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The Yuri!!! on ICE finale just about killed me today. And I mean that almost literally - I woke up about 100 minutes before it hit Crunchyroll, and simply couldn't get back to sleep again. Ended up just getting up and watching Eupho more than half an hour ahead of time...and well, that was weird, too. Though that's another story, one that I'll hopefully understand a bit better when that finale lands next week.

Back to Yuri!!! though...I'm still trying to figure out what kinds of editorials I should be writing about this show. I've been keeping an eye on the reactions on the show, and whilst it ended mostly the way I was expecting (it gave me everything I wanted, even though I really had no clue as to how they'd do that! Here, my familiarity with the real figure skating world was a barrier to me picking the ending!), it's clear to me that the vast majority of the fandom would think I'm...well, "crazy" would be a mild way to put it. I'm more likely to be saddled with a far more negative label. Though I suppose I've known that ever since I started writing my comments here (mostly) intead of on twitter or tumblr...

Well, I might as well get to it.

First let me list the things I loved:

  • Victor's reaction to Yuri telling him "Let's end this" was perfect. Of course Victor wouldn't want to see Yuri leave the ice!

  • And also from Yuri on the ice: telling Victor to be himself. Which produced the call back to the “saying something as if you were testing me” in episode 7, but with such a different result! (I am so glad I translated Kubo's Animage interview for this week!)

  • Then how it's Yurio who gets Yuri to keep skating! Though it does seem like that was something of a request, a wordless wish from Victor, that Yurio somehow understood!

  • Yuri with a perfect FS performance, trying to tell Victor that he wants to see him skate again. And the idea that Victor would have a fire light up in him again because Yurio and Yuri broke his two records was also brilliant. Clichéd and somewhat unrealistic though his return might be, this was exaclty what I wanted to see!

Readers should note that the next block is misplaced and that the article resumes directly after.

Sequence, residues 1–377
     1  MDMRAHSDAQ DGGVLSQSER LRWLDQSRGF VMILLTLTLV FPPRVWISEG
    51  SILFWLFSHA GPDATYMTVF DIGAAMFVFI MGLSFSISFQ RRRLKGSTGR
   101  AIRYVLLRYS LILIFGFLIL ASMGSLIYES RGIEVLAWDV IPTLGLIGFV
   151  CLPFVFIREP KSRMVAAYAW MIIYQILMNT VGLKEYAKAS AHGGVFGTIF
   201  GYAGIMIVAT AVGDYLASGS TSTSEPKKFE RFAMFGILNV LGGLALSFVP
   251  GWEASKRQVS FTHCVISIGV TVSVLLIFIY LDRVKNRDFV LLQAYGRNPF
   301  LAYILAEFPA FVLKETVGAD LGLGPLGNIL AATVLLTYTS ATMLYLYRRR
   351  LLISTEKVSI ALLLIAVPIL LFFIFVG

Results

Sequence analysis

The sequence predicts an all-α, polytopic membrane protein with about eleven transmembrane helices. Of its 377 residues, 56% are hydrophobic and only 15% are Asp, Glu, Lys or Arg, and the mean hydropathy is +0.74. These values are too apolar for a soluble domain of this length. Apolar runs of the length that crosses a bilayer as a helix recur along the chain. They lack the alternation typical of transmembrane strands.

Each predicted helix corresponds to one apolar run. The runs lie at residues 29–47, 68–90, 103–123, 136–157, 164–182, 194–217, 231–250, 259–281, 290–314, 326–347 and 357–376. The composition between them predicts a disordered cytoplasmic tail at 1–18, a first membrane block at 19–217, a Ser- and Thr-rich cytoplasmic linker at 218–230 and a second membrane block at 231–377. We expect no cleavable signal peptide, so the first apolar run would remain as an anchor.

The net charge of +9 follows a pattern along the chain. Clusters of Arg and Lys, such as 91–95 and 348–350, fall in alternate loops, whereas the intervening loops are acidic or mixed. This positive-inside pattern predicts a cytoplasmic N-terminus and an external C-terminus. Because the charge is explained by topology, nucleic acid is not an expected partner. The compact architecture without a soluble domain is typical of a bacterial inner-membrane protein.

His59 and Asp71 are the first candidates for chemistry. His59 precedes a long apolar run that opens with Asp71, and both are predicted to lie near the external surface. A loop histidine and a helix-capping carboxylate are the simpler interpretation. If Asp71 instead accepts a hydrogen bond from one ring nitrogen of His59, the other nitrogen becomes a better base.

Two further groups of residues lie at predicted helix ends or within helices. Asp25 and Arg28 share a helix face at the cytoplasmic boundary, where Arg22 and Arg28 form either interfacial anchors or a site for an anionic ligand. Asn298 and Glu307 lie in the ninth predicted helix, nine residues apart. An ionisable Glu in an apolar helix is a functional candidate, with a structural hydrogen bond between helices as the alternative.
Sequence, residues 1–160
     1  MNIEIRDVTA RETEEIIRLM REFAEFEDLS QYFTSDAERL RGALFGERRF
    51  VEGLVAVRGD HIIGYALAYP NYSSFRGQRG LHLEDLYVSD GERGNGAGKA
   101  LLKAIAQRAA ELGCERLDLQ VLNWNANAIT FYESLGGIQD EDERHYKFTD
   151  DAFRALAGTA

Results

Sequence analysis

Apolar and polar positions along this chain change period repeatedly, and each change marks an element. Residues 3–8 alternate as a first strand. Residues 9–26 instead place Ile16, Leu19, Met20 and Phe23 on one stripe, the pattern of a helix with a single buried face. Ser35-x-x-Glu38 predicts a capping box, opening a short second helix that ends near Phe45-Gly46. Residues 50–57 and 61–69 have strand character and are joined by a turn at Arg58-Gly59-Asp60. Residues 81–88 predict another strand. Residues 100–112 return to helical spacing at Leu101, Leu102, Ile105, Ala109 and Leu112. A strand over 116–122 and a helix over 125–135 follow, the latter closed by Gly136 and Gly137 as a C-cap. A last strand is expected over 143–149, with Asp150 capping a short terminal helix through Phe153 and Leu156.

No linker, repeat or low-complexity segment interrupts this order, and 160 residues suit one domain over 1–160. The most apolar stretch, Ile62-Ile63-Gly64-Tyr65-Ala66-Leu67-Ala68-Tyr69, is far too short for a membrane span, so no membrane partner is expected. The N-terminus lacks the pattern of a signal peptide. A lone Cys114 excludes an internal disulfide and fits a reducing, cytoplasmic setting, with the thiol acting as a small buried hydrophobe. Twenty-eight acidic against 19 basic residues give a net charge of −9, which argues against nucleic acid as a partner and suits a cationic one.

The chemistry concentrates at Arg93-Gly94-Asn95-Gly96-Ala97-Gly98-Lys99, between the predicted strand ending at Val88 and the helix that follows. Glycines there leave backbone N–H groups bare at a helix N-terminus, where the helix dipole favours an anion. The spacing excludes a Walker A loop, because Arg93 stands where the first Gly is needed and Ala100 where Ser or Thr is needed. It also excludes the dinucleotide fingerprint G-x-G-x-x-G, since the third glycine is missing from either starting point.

• Yuri's Gala exhibition. I have my reservations about them doing it...but it was mostly realistic, going by what some actual figure skaters have said about the low difficulty of those lifts. (Also interesting to note that the some of the 'pair skating' part is based on Tessa Virtue and Scott Moir's free dance from this year!)

  • And most importantly: Phichit!! OMG, that ice show idea is something I really really REALLY want to see! I'd watch a sequel just for that!

And then, the things that I did not love:

  • The unrealistic scoring. Well, I suppose in this particular episode, we can think of JJ-flation as some kind of commentary on Chan-flation (being awarded high performance scores despite flawed performances), because his scores were absolutely ridiculous. In fact, given that Otabek is from Kahzakhstan, this may well have been a reference to Worlds 2013, where Patrick Chan defeated Denis Ten despite a really flawed free skate... I still can't believe they threw it in there, though... (^^;

  • The worst thing about the scoring, however, was Yurio's short program score. I know they wanted him to beat Victor...but they wrote themselves into a corner there and had to give him a score that was mathematically impossible given the content of his short!

  • Victor aiming to return at Russian Nationals? That's just 2 weeks after the GPF! And it usually overlaps with Japanese Nationals! Who's gonna head to Japan with Yuri?!

  • Where was Yurio's "Welcome to the Madness"! Like, dafaq!

So yeah, overall, the “anime being anime” elements of YOI, especially in the last two episodes, took a bit of the wind out of its sails for me. It’s still one of my favourites from this year, mostly because the comic timing syncs with me completely, along with how much I loved Victor and Yuri as characters.